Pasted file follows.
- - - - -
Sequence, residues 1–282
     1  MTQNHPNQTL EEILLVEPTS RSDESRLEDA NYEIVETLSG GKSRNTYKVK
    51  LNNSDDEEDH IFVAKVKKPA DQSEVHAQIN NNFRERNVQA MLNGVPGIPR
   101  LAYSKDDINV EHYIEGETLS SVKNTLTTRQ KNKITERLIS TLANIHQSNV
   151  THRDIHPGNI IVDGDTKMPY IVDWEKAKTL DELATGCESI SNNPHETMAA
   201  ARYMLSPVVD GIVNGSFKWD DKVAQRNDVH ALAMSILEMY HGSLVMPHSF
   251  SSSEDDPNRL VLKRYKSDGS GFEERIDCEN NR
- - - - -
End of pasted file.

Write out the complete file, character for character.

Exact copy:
Sequence, residues 1–282
     1  MTQNHPNQTL EEILLVEPTS RSDESRLEDA NYEIVETLSG GKSRNTYKVK
    51  LNNSDDEEDH IFVAKVKKPA DQSEVHAQIN NNFRERNVQA MLNGVPGIPR
   101  LAYSKDDINV EHYIEGETLS SVKNTLTTRQ KNKITERLIS TLANIHQSNV
   151  THRDIHPGNI IVDGDTKMPY IVDWEKAKTL DELATGCESI SNNPHETMAA
   201  ARYMLSPVVD GIVNGSFKWD DKVAQRNDVH ALAMSILEMY HGSLVMPHSF
   251  SSSEDDPNRL VLKRYKSDGS GFEERIDCEN NR